Using Azure Custom Vision Object Recognition and HoloLens to identify and label objects in 3D space

11 minute read


HoloLens is cool, Machine Learning is cool, what's more fun than combine these two great techniques. Very recently you could read "Back to the future now: Execute your Azure trained Machine Learning models on HoloLens!"  on the AppConsult blog, and as early as last May my good friend Matteo Pagani wrote on the same blog about his very first experiments with WindowsML - as the technology to run machine learning models on your Windows ('edge') devices is called. Both of the blog posts use an Image Classification algorithm, which basically tells you whether or not an object is in the image, and what the confidence level of this recognition is.

And then this happened:

image"Object Detection finds the location of content within an image" is the definition that pops up if you hover your mouse over the (i) symbol behind "Project Types". So not only do you get a hit and a confidence level but also the location in the image where the object is.

Now things are getting interesting. I wondered if I could use this technique to detect objects in the picture and then use HoloLens' depth camera to actually guestimate where those object where in 3D space.

The short answer: yes. It works surprisingly good.


The global idea

  • User air taps to initiate the process
  • The HoloLens takes a quick picture and uploads the picture to the Custom Vision API
  • HoloLens gets the recognized areas back
  • Calculates the center of each area with a confidence level < 0.7
  • 'Projects' these centers on a plane 1 m wide and 0.56 high that's 1 meter in front of the Camera (i.e. the user's viewpoint)
  • 'Shoots' rays from the Camera through the projected center points and checks if and where the strike the Spatial Map
  • Places labels on the detected points (if any).

Part 1: creating and training the model

Matteo already wrote about how simple it actually is to create an empty model in so I skip that part. Inspired by his article I wanted to recognize airplanes as well, but I opted for model airplanes - much easier to test with than actual airplanes. So I dusted off all the plastic airplane models I had built during my late teens - this was a thing shy adolescent geeks like me sometimes did, back in the Jurassic when I grew up ;) - it helped we did not have spend 4 hours per day on social media ;). But I digress. I took a bunch of pictures of them:


And then, picture by picture, I had to mark and label the areas which contains the desired objects. This is what is different from training a model for 'mere' object classification: you have to mark every occasion of your desired object.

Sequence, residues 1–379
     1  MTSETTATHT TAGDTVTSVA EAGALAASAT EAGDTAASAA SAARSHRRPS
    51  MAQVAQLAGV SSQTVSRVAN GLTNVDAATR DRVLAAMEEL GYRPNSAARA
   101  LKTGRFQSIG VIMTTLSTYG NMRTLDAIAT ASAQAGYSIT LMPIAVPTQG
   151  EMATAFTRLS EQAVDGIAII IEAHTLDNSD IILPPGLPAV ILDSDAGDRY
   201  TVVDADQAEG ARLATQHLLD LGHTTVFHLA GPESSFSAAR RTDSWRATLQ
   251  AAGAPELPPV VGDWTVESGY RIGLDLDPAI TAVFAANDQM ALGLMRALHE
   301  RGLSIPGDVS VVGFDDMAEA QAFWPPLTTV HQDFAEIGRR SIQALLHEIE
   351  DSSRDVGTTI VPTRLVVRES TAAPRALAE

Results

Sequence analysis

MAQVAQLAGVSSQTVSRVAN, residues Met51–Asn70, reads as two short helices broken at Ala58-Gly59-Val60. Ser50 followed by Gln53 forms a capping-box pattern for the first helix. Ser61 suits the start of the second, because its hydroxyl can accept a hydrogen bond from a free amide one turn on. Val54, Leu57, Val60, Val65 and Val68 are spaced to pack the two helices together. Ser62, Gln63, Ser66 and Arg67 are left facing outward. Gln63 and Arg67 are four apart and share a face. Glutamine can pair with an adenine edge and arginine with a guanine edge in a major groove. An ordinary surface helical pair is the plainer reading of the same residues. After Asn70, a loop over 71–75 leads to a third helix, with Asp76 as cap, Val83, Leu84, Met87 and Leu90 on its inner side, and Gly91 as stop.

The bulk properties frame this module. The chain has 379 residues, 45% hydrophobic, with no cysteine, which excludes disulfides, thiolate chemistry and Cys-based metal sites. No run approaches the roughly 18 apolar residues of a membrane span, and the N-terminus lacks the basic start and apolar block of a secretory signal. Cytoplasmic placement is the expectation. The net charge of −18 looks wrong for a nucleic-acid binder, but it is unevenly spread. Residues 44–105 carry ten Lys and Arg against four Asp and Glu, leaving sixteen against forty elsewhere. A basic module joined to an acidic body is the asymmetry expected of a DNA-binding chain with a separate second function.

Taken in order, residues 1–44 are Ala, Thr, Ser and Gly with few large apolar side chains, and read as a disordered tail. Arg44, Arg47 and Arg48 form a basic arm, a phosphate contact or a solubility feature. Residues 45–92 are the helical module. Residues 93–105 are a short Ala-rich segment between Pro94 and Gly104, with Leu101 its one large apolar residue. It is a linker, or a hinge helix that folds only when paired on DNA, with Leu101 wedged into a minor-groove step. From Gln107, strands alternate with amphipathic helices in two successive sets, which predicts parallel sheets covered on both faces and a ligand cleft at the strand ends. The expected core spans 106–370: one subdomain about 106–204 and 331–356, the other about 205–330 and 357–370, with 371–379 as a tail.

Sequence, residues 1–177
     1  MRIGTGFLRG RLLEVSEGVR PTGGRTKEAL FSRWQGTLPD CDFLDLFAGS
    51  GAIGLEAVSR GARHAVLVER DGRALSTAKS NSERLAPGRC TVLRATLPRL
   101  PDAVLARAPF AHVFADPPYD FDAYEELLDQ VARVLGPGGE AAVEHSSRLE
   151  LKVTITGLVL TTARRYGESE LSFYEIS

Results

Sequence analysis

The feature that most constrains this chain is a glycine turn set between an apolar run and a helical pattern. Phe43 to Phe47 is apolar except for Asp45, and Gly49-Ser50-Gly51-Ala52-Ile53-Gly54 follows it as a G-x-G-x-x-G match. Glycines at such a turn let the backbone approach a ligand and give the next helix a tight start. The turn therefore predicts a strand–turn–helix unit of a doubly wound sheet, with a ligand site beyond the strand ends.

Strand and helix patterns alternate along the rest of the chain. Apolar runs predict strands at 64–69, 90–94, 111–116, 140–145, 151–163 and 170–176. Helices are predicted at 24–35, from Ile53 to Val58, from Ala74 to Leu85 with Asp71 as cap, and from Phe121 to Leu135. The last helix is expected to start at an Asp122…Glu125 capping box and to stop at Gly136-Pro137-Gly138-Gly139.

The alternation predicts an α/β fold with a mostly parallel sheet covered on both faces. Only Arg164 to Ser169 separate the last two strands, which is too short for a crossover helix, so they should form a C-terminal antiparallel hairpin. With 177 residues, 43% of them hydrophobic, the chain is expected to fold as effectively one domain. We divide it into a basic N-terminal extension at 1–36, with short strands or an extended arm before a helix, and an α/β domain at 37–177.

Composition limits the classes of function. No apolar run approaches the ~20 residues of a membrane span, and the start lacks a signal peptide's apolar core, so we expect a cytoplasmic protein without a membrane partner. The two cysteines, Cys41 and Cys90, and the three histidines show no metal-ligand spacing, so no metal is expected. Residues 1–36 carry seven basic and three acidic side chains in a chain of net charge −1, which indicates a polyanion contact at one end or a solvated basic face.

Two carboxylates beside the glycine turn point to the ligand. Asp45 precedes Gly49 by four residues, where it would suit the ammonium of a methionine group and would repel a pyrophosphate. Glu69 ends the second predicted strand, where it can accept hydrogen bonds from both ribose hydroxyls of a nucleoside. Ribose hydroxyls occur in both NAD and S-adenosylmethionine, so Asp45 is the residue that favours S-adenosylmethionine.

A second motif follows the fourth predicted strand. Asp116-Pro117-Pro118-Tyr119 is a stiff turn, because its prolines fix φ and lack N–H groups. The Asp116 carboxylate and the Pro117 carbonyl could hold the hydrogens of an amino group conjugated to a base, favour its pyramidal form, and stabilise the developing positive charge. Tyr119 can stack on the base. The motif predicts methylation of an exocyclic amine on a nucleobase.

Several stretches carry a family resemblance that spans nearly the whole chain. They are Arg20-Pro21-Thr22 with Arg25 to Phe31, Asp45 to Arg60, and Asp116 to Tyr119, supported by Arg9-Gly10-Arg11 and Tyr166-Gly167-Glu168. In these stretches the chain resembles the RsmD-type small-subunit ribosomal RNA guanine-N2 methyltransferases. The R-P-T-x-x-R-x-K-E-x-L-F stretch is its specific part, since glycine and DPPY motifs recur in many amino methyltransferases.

This is very easy to do, it's a bit boring and repetitive, but learning stuff takes sacrifices, and in the end I had quite an ok model. You train in it just the same way as Matteo already wrote about - by hitting big green 'Train'  button that's kind of hard to miss on the top right.

When you are done, you will need two things:

  • The Prediction URL
  • The Prediction key.

You can get those by clicking the "Performance" tab on top:


Then click the "Prediction URL" tab


And this will make this popup appear with the necessary information


Part 2: Building the HoloLens app to use the model


The app is basically using three main components:

  • CameraCapture
  • ObjectRecognizer
  • ObjectLabeler

They sit in the Managers object and communicate using the Messenger that I wrote about earlier.

Part 2a: CameraCapture gets a picture - when you air tap

imageIt's not exactly clear who originally came up with a saying like "great artist steal" but although I don't claim any greatness I do steal. CameraCapture is a slightly adapted version of this article in the Unity documentation. There are only a few changes. The original always captures the image in the "BRA32" format as this can be used as texture on a plane or quad. Unfortunately that is not a format CustomVision accepts. The app does show the picture it takes before the user's eye if the DebugPane property is set to a game object (in the demo project it is). Should you not desire this, simply clear the "Debug Pane" field in the "Camera Capture" script in the Unity editor.

So what you basically see is that CameraCapture takes a picture in a format based upon whether or not the DebugPane is present:

 pixelFormat = _debugPane != null ? CapturePixelFormat.BGRA32 : CapturePixelFormat.JPEG

and then either directly copies the captured (JPEG) photo into the photoBuffer, or it shows in on the DebugPane and as BRA32 and converts it to JPEG from there

void OnCapturedPhotoToMemory(PhotoCapture.PhotoCaptureResult result, 
PhotoCaptureFrame photoCaptureFrame) { var photoBuffer = new List<byte>(); if (photoCaptureFrame.pixelFormat == CapturePixelFormat.JPEG) { photoCaptureFrame.CopyRawImageDataIntoBuffer(photoBuffer); } else { photoBuffer = ConvertAndShowOnDebugPane(photoCaptureFrame); } Messenger.Instance.Broadcast( new PhotoCaptureMessage(photoBuffer, _cameraResolution, CopyCameraTransForm())); // Deactivate our camera _photoCaptureObject.StopPhotoModeAsync(OnStoppedPhotoMode); }